Imagining Future Technologies for Safer Work Environments

What does the advancement of technology mean to the architecture, engineering, and consulting industries? Perhaps the possibility of safer environments.

National Safety Month 2014 is coming to a close, and as more safety precautions are put in place and fewer accidents happen, it's important to remember the history of why our safety devices are so necessary. It's equally as important to look at safety's exciting future, where all the innovative technologies designed today can impact the lives of our field workers tomorrow.


How Could Inflatable Helmets and Vests Have a Positive Impact on our Field Workers?

Made popular in Europe by the bicycling and motorcycling communities, where such modes of transportation are more commonplace than in the U.S., inflatable helmets and vests have burst (no pun intended) onto the commuter safety scene. The theory behind the technology mirrors that of a car's airbag: place a more forgiving barrier between an individual and the point of impact during an accident. In fact, some manufacturers claim their inflatable garments can be up to three times safer than traditional gear.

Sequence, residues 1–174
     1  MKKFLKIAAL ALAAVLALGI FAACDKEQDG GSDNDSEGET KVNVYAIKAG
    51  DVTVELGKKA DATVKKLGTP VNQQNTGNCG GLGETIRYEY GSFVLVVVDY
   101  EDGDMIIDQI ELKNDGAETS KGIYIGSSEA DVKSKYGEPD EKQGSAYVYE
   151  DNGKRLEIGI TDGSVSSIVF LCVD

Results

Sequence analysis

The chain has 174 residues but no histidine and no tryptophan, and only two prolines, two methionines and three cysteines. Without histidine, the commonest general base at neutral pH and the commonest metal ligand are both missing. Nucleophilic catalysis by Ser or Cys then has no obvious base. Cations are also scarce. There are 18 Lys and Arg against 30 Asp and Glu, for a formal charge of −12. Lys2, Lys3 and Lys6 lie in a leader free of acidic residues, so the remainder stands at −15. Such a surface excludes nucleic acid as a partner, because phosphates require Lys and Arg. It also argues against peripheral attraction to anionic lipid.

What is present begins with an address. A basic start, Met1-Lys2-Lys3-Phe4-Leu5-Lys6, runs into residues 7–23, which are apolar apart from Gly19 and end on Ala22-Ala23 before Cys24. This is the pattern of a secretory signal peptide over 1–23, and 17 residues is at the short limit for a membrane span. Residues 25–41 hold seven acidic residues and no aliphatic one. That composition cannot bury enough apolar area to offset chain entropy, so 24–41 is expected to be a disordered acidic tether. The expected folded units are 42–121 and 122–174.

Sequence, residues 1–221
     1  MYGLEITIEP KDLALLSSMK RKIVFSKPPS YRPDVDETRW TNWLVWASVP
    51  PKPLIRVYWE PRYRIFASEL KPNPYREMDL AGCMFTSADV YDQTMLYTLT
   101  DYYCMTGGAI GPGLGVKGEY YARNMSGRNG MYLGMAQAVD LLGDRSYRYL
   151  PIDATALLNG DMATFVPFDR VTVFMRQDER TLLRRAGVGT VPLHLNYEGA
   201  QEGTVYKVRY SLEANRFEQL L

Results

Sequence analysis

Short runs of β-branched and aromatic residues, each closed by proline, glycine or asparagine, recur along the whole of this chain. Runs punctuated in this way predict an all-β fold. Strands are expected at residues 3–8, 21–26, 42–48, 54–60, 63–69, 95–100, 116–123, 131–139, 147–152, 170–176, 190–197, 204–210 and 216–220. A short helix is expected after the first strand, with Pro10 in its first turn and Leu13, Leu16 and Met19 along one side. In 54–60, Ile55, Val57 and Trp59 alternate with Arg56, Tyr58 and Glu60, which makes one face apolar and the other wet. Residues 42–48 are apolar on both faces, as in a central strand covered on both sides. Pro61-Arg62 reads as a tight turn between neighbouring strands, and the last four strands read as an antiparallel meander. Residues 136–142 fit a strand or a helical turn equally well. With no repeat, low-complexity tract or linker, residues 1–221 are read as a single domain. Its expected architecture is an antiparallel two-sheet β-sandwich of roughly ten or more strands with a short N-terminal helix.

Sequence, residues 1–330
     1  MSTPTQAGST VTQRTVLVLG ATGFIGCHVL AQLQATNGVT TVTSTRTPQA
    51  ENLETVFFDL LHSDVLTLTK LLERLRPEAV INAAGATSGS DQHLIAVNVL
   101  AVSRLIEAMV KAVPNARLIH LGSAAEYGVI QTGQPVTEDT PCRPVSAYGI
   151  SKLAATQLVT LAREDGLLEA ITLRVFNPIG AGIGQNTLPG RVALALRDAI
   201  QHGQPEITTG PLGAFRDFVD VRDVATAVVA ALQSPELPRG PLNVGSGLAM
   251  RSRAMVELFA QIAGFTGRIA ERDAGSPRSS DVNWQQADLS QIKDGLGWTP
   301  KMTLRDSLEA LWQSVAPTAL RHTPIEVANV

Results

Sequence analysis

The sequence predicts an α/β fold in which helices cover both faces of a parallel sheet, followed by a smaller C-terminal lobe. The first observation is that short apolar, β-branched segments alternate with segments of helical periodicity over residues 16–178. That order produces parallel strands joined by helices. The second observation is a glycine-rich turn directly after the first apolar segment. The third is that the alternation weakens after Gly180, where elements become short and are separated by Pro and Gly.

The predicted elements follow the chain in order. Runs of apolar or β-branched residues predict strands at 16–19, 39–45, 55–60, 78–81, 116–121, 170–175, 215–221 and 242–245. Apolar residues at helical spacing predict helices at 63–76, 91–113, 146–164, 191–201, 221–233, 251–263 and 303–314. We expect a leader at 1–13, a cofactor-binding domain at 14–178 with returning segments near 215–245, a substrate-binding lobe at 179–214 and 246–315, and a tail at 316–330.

Imagine if our field workers, already equipped with hardhats and reflective vests, had the added protection of an airbag contained within those garments? Placing a more forgiving area around the body's vital areas, particularly the head and abdomen, during a trip, slip, or fall could dramatically reduce the amount of damage inflicted to the brain and internal organs.


How Could Google Glass Help Alert our Workers?

Audi's research and development teams are already integrating Google Glass with augmented reality programs that help drivers become better caretakers of their cars. Such technology represents a fundamental shift in the process of creating the built world. Paired with augmented reality, it has the potential to create direct lines of communicationbetween what designers envision, and what contractors create.

In terms of safety, Google Glass could act as a warning system for site hazards in the same way some vehicle heads-up displays (HUD) warn drivers of obstacles. In fact, there are even similarities between the functions such technology would perform: distance between cars vs. distance between transportation engineers and nearby traffic; identifying objects on the road vs. identifying construction debris; and providing proper directions on the road vs. providing proper directions around an active site during a walk-thru.

A Final Word on the Safety of Today

It's hard to question the sheer importance of certain lifesaving devices that have remained unchanged through the years. Such technologies invented decades ago, like the safety harness, have remained relevant for a reason: they are effective as the last line of defense against a life-threatening situation. Safety systems like that simply can't be replaced.

Yet as technology progresses, it's important to find practical ways of using it to make jobs safer. We must use future technology to mitigate the severity of dangerous situations, or keep them from happening altogether.

  • Dave Francis
    Dave Francis
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